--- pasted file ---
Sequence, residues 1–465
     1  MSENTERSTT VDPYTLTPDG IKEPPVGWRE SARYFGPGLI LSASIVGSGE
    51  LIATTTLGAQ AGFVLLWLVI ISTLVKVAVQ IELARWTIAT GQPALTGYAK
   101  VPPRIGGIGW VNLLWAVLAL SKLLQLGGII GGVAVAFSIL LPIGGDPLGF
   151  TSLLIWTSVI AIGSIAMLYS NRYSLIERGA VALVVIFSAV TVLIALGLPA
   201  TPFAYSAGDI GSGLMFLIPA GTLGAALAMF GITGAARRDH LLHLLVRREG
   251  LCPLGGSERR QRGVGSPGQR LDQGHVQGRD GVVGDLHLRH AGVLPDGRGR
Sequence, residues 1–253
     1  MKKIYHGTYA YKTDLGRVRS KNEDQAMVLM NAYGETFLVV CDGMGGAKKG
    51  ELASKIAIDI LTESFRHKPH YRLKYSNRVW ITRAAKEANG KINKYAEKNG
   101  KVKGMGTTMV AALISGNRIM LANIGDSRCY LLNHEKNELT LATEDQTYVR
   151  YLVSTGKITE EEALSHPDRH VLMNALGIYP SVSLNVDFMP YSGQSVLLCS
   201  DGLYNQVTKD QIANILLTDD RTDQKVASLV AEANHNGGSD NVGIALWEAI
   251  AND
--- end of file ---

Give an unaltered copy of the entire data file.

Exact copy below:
Sequence, residues 1–465
     1  MSENTERSTT VDPYTLTPDG IKEPPVGWRE SARYFGPGLI LSASIVGSGE
    51  LIATTTLGAQ AGFVLLWLVI ISTLVKVAVQ IELARWTIAT GQPALTGYAK
   101  VPPRIGGIGW VNLLWAVLAL SKLLQLGGII GGVAVAFSIL LPIGGDPLGF
   151  TSLLIWTSVI AIGSIAMLYS NRYSLIERGA VALVVIFSAV TVLIALGLPA
   201  TPFAYSAGDI GSGLMFLIPA GTLGAALAMF GITGAARRDH LLHLLVRREG
   251  LCPLGGSERR QRGVGSPGQR LDQGHVQGRD GVVGDLHLRH AGVLPDGRGR
Sequence, residues 1–253
     1  MKKIYHGTYA YKTDLGRVRS KNEDQAMVLM NAYGETFLVV CDGMGGAKKG
    51  ELASKIAIDI LTESFRHKPH YRLKYSNRVW ITRAAKEANG KINKYAEKNG
   101  KVKGMGTTMV AALISGNRIM LANIGDSRCY LLNHEKNELT LATEDQTYVR
   151  YLVSTGKITE EEALSHPDRH VLMNALGIYP SVSLNVDFMP YSGQSVLLCS
   201  DGLYNQVTKD QIANILLTDD RTDQKVASLV AEANHNGGSD NVGIALWEAI
   251  AND